First and foremost I encourage you as an chronologically older person to think about what you have control over. You may not be able to control the number of candles on the cake, but you can re-master much. For starters walk with purpose instead of sauntering. People who walk with purpose and some jump in their steps ooze energy. Don’t move as if you are trying not to disturb the cobwebs between your legs. You can also control your hair style and colour.

When you talk to people; co-workers, employers, interviewers, recruiters or employment advisors, sound energetic. Be enthusiastic, smile, shake hands with some strength. You’ve probably had many years of experience so you should be able to relate much of that experience to the jobs you are going for now. If you are changing careers because the work you performed was too physical to do now, you should still be able to identify and promote the transferable skills you have.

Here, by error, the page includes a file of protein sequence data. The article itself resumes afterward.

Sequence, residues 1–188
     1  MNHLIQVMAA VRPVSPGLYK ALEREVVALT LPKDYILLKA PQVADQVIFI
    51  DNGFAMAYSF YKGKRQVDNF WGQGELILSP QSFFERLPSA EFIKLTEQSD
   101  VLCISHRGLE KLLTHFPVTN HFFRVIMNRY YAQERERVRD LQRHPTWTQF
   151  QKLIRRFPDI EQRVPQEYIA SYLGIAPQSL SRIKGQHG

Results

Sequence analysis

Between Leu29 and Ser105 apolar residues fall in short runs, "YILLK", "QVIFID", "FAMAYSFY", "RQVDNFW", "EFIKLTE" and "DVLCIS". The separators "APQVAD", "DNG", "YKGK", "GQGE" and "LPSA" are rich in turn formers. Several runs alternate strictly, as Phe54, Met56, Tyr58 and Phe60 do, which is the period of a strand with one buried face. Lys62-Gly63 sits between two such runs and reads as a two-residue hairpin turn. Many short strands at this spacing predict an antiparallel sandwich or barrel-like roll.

You are in a better place to promote yourself for good or ill than anyone else. And so if like I say, you believe you are over the hill, why would you expect others to see you any differently? If you challenge others perceptions of being an older person by how you act and what you are capable of in addition to what you say, then you have a good chance of being perceived as still capable of making a valuable contribution.

You may have only so many years of employment left to go, but you can still market yourself to your advantage. Be positive, act confident, be friendly, take pride in your appearance, get active, be visible and network. Finding or keeping employment is a full-time job no matter your age. Like Ringo Starr sang, “It don’t come easy!”

Old Age; Barrier Or Asset?